The client in the case study has not reached to a point where it is difficult to treat his condition. However, there is a need for thorough diagnosis of his condition in order to determine the best treatment options to use. The councilor has noted that he is unable to treat the client and that the client requires additional, more effective screening and care. Subsequently, a self-administered form for evaluating substance abuse was applied on the client. The results derived from the assessment indicated that the client needs moderate to high intervention for alcohol abuse. The client’s diagnosis results suggest that different types of effective treatments should be applied to him. First, he should be referred to a psychiatrist or psychologist who has knowledge on how to use behavioral therapy treatment approaches. One of the common behavioral therapies that are effective in treating the alcohol use disorder is the cognitive-behavioral therapy (CBT) (Dupuy, 2013). When applying CBT, the psychiatrist determines the fundamental causes of alcoholism and lets the client acknowledge them. The client is then taken through a step-by-step process after which he/she accepts to take an active role in reducing or stopping intake of alcohol. The client in this case, for instance, can be taught to overcome memories of deaths he witnessed when he was in the army and factors that lead his to continue drinking. The client can be made to understand that he has a great future if he stops the drinking habit. In case of a need, the client can be supported to get a new job. Considering his situation, the client should also be referred to a medical doctor to be treated using medications that help in detoxification of the body. The client can also be referred to rehabilitation programs, such as 12-step and Alcoholics Anonymous programs to be provided with treatment for a specific period of time (Dupuy, 2013). The behavioral therapy should continue until the client is fully healed.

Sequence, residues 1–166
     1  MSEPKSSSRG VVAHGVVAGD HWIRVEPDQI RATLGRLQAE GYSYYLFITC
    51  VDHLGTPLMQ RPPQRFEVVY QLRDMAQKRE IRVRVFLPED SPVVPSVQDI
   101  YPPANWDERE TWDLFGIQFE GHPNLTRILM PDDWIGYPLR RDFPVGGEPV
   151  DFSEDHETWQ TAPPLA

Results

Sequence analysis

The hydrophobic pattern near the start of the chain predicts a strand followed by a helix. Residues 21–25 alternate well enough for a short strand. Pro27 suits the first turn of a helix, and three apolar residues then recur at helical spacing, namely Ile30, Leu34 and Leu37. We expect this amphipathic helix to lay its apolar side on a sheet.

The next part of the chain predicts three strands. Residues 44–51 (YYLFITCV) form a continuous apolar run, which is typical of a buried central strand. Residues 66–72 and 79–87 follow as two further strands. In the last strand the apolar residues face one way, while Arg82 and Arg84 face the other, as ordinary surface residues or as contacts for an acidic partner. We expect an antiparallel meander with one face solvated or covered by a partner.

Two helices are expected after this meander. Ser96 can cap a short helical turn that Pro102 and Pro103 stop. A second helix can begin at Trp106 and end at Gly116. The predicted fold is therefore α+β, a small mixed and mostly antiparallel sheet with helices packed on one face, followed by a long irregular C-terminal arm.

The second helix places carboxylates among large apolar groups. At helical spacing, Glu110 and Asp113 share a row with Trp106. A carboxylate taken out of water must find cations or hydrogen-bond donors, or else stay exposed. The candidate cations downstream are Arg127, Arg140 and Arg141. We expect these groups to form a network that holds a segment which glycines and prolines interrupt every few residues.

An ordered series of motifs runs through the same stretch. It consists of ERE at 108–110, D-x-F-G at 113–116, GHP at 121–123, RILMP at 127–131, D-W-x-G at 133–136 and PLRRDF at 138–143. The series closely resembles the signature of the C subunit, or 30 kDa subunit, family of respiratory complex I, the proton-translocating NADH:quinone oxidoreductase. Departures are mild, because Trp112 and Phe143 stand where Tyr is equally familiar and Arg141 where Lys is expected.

One of the most important ethical standards in healthcare profession is confidentiality. According to the standard, the information about the health of a patient should be kept confidential at all times. The information should only be shared with the client and other healthcare providers that are involved in the treatment process (Dupuy, 2013). In case of a need, the information can be given only to people that are close to a patient, such as close relatives or friends.
To adhere to the standard of confidentiality, the reports about the health situation of the client in the case study should not be shared with people that are not involved in the treatment process. The report derived from the self-administered test should be shared between the client, the medical professional and the psychiatrist involved in the treatment (Dupuy, 2013). The information can be shared with other people that are not related to the client only upon his consent.
If the client is enrolled in a rehabilitation program, the reports about his health can only be shared with the health professional that will be directly involved in treating him. Even the other healthcare professionals that are not involved in the treatment should not have access to that information.
Also Study: Alcohol Patient Case Study Analysis
- Dupuy, J. (2013). Integral Recovery: A Revolutionary Approach to the Treatment of Alcoholism and Addiction. New York, NY: SUNY Press.
- Lehne, R. A. (2013). Pharmacology for Nursing Care. London: Elsevier Health Sciences.